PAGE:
The night Santa called it quits
"Well, may we start?" he began. "I've got to go on my round at midnight, and I promised Mrs Claus I'd drop in for a bite to eat before I set off." The motley assortment of governors slowly abandoned their lukewarm tea and over-baked macaroons. "They were a technology project," the head said apologetically, as the better-prepared governors discarded their curled-up sandwiches and calcified cakes and reached for their Rennies. He glared daggers at Mr Oldfield, the head of technology, who was also a staff governor.
There was no love lost between Oldfield and the head. He saw the head as an oleaginous creep who smarmed round the governors to feather his own nest. The head in turn saw him as an unreconstructed woodwork teacher, whose vision of technology was a string cutter. "Don't blame me squire," Oldfield muttered, "I never wanted cookery in our bloody faculty anyway. It should have stayed in home economics where it belonged."
"May we start then please?" Santa Claus repeated. The sociology of being a school governor had always baffled him. As an outsider he found himself at the centre of intrigues, manoeuvres and nuances he barely understood. "Item l," he began. "Apologies. Do we have any apologies?" There were none. Sadly that would mean he had to contend with Mrs Plant who fancied herself as an expert on constitutional law.
"Item 2. Minutes of our last meeting," he continued. "May I sign these as a correct record?" "Mr Chairman!" Oh no, here it comes, Santa thought to himself as Mrs Plant launched her first fusillade. "Are you going to take the Office for Standards in Education inspection under 'matters arising', or as a substantive item under 'future issues' later?" she declaimed in the voice that had shattered a thousand icebergs. She sat back and beamed the smug look with which she always patronised the governors when she thought she had made a telling point.
"We'll take OFSTED later," Santa replied, his stomach beginning to protest at the indigestible cupcake he had foolishly consumed before the meeting. Outside the window something rustled. It was the reindeer getting restless as the snow thickened. There was Dancer and Prancer, the two lead reindeer, and Wally and Plonker, the two OFSTED inspectors, who graded all the chimneys as "above", "below" or "at" the national average, and helped pull the "generally satisfactory" sledge around the world.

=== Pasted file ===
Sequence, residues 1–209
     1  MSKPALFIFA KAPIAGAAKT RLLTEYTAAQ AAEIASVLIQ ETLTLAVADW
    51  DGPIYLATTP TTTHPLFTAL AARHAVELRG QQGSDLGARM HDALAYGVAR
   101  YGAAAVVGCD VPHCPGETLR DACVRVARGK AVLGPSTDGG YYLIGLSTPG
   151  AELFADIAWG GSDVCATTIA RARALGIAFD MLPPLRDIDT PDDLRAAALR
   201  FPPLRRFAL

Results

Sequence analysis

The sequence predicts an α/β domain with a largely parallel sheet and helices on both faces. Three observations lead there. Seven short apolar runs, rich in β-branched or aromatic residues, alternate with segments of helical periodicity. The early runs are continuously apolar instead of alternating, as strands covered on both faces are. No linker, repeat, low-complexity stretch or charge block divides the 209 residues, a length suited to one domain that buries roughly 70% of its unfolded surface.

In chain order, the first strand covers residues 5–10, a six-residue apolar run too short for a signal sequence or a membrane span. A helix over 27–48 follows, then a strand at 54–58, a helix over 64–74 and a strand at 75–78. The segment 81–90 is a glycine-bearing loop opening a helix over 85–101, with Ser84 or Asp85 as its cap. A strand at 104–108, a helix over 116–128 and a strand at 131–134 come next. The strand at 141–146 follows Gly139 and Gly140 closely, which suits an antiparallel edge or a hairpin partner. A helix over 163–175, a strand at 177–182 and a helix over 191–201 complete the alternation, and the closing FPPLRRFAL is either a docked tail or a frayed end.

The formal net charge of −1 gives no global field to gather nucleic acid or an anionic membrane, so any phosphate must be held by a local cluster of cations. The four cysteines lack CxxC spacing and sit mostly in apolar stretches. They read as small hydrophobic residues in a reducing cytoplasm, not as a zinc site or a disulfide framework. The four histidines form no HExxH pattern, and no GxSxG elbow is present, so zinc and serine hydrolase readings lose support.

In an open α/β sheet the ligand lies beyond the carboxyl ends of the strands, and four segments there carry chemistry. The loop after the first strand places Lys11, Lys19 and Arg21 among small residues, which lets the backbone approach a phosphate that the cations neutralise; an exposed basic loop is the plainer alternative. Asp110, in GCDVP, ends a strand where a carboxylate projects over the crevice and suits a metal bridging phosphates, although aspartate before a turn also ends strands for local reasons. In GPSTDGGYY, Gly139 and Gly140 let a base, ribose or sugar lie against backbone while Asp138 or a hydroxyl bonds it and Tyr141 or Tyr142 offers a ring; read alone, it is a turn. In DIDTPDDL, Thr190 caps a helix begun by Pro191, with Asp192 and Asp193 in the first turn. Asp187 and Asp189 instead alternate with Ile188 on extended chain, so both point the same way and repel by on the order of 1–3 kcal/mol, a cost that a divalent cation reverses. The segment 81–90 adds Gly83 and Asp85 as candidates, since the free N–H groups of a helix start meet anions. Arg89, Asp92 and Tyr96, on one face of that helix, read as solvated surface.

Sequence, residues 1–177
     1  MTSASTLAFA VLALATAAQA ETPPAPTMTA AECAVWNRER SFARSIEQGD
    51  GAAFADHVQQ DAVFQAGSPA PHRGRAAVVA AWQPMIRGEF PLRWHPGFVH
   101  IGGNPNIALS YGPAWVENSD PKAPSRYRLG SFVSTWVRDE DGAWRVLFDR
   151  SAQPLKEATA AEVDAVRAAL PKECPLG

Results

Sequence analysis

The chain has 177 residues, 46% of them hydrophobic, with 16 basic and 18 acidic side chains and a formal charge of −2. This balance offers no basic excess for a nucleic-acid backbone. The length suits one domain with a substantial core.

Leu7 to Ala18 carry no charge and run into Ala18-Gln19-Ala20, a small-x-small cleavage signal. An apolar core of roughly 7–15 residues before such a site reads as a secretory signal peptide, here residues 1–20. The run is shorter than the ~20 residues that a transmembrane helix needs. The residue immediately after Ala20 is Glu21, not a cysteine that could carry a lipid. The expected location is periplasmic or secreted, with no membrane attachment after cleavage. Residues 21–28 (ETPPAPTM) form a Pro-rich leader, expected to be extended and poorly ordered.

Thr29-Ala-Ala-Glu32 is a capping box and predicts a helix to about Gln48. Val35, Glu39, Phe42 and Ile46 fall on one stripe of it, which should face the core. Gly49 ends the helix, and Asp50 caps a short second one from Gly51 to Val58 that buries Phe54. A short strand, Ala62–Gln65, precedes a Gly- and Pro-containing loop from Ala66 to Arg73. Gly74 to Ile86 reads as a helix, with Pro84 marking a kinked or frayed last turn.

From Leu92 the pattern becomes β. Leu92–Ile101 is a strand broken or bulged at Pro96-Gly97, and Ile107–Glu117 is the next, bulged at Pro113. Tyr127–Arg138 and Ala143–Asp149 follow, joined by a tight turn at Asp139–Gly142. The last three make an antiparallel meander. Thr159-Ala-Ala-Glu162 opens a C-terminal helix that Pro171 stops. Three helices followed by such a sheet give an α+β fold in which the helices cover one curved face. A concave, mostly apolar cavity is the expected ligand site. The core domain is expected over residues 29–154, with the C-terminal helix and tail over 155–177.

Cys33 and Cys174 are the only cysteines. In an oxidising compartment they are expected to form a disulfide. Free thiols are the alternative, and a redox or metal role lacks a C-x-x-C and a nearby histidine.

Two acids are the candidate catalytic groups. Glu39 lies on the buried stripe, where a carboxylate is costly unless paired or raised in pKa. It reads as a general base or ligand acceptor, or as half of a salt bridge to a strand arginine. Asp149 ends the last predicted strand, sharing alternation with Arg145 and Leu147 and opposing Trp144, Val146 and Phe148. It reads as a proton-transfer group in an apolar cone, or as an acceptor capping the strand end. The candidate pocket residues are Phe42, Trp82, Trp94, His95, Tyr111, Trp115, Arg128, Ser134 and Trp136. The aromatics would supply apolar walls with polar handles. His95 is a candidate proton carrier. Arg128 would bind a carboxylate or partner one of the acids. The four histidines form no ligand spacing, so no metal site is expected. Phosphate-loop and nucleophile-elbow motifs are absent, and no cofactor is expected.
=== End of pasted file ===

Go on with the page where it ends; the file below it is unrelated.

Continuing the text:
"I wonder if we can move Item 12 up the agenda," the head oiled. "It's an important item and I wouldn't want it neglected by coming late in the evening. " Small wonder. With his usual self-interest at heart, the little twerp was as transparent as ever. Item 12 was about performance-related bonuses for the head and deputies. There had never been any difficulty casting the annual production of Snow White and the Seven Dwarfs since he had been appointed. The part of Dopey cast itself.
Santa sighed. He really must have been mad to take on the chairmanship. "Yes, we'll take it after your report," he said. "In fact perhaps you could give us your report now."
The head preened himself. As ever this was the moment he had been waiting for and had dress-rehearsed a hundred times.
There followed an intricately crafted fantasy that told of unparalleled achievement. In a nutshell, the school ran perfectly and the head was a resounding success. His teacher colleagues were invisible in this orgy of self-congratulation. Mr Oldfield's neck got redder as the saga unfolded. Unable to restrain himself, he burst in with, "I think the staff might just have made the odd contribution, Mr Chairman." Santa nodded. "Yes, of course."
"Mr Chairman!" Mrs Plant's scalpel voice jerked Santa out of the somnolence into which he had sunk during the head's panegyric. "May I ask if the school has fulfilled all the attainment targets and programmes of study of the statutory Orders of the national curriculum?" Mrs Plant sank back, swelling with pride, oblivious to the sheer meaninglessness of her question which had hit the meeting like a stun grenade. She had spent half an hour reading national curriculum documents to handcraft that one.
"I wonder if we could hold that most interesting and well-conceived question and just slide seamlessly into Item 12 now that I've concluded my report, " the head cooed. "You see, I think my report shows that I have met all the performance criteria for ..."
"What about the OFSTED report?" Mr Oldfield boomed. "OFSTED report?" Santa asked, thrown by the head's deft footwork and Mr Oldfield's belligerence.
"Yes, the bloody OFSTED report!" Oldfield repeated. "Basically it said that the staff were running their socks off and that the school management left much to be desired." The governors shuffled uncomfortably.
"I'm glad you mentioned that," Mrs Plant intoned. "I've been looking at the OFSTED inspection handbook, and on page S6, paragraph three, of the salmon-coloured pages."
Santa Claus closed his eyes. As the glassware in the room shattered piece by piece at the intensity of Mrs Plant's torrent, his headache worsened. Why had he agreed to become chairman? Why did the head love himself so much? If he gave him his very best present, would even that make Mr Oldfield happy? Would the biggest sack on his sledge be an effective gag for Mrs Plant? Could he stand being chairman of governors any longer?
As the snow swirled ever more densely outside, he made his decision. Next year he would resign and concentrate on his annual trek round the world. At least that was manageable. And he could see an end to it.